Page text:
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Takeaways from UConn football’s loss to Ball State

UConn’s second-half performance doomed them in Muncie, Indiana

Ian Bethune/The UConn Blog

UConn might have been on the receiving end of some questionable calls from the referees on Saturday in their loss against Ball State, but make no mistake, UConn had to be much better in all phases of the game in the second half if they wanted to come out of Muncie, Indiana with the win.

The Huskies were shut out in the second half after scoring 21 in the first, and even despite the penalties, the defense gave up 131 yards of total offense in the third quarter to deliver the victory to Ball State.

UConn’s second half collapse might have been painful to fans, but there’s still plenty to learn after their week seven loss.

Offense takes a step back

We knew UConn was just about at the end of their rope injury-wise on Saturday, but it became painfully obvious as the game wore on. At the heaviest-impacted position, UConn running backs went from averaging 6.8 yards per carry in the first half to just 2.3 in the second half, with a shocking negative-5 total rushing yards in the fourth quarter.

Both Rosa and Burns were able to break a few long runs early on in the game, but Ball State was much more disciplined with their run fits in the second half and were able to stymie UConn’s main avenue of offense. UConn was unable to counter this with an effective passing game, attempting just four passes in the third quarter and six in the fourth.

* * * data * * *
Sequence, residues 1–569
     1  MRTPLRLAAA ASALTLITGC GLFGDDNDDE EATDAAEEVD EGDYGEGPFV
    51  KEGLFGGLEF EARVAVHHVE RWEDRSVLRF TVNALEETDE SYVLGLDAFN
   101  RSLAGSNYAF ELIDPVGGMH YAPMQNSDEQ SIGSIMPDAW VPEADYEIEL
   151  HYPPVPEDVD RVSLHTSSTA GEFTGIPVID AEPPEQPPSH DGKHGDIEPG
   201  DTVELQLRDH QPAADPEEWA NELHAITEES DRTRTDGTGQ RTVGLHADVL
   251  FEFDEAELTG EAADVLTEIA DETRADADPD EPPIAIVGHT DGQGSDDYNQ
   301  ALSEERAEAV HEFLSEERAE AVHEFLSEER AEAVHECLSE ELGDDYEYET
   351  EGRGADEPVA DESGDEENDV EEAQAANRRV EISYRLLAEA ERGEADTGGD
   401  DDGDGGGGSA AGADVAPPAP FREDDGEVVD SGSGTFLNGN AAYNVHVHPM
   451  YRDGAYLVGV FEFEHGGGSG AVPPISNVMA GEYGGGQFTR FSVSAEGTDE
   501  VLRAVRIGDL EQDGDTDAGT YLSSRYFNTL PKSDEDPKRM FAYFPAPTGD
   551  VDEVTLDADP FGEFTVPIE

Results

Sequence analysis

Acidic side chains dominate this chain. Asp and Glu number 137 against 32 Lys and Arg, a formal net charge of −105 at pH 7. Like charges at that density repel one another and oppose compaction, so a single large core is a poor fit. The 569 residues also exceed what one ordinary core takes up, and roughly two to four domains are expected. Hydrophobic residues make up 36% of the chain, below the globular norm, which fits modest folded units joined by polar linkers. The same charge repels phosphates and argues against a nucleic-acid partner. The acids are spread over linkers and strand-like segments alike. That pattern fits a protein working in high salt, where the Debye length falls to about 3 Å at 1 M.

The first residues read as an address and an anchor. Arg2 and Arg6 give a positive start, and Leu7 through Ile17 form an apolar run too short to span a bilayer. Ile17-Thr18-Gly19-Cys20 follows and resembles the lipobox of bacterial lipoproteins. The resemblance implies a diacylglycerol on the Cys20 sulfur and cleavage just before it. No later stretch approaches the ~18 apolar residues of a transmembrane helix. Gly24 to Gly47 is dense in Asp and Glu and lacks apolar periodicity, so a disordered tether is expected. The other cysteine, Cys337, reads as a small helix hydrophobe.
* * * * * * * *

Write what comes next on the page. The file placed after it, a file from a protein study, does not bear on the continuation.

Turnover luck runs out

If the Fresno State and FIU games were an experiment on how far a positive turnover differential and solid run defense can take you, Ball State is when that magic started to wear off.

After recovering six turnovers in their past two games for a plus-4 turnover margin, UConn lost the proverbial flip of the coin on Saturday against Ball, giving up an interception just before halftime fumble while driving to put the game away in the fourth quarter.

UConn could have easily overcome that deficit with stingy defense even with the offense misfiring, but their usually respectable run defense went missing in the fourth quarter. Carson Steele, Ball State’s golden-locked running back, gathered over 100 rushing yards in the first quarter, hurdling and otherwise eluding UConn defenders on his way to two rushing touchdowns in the period. UConn will need a reset this bye week to get their run defense back on track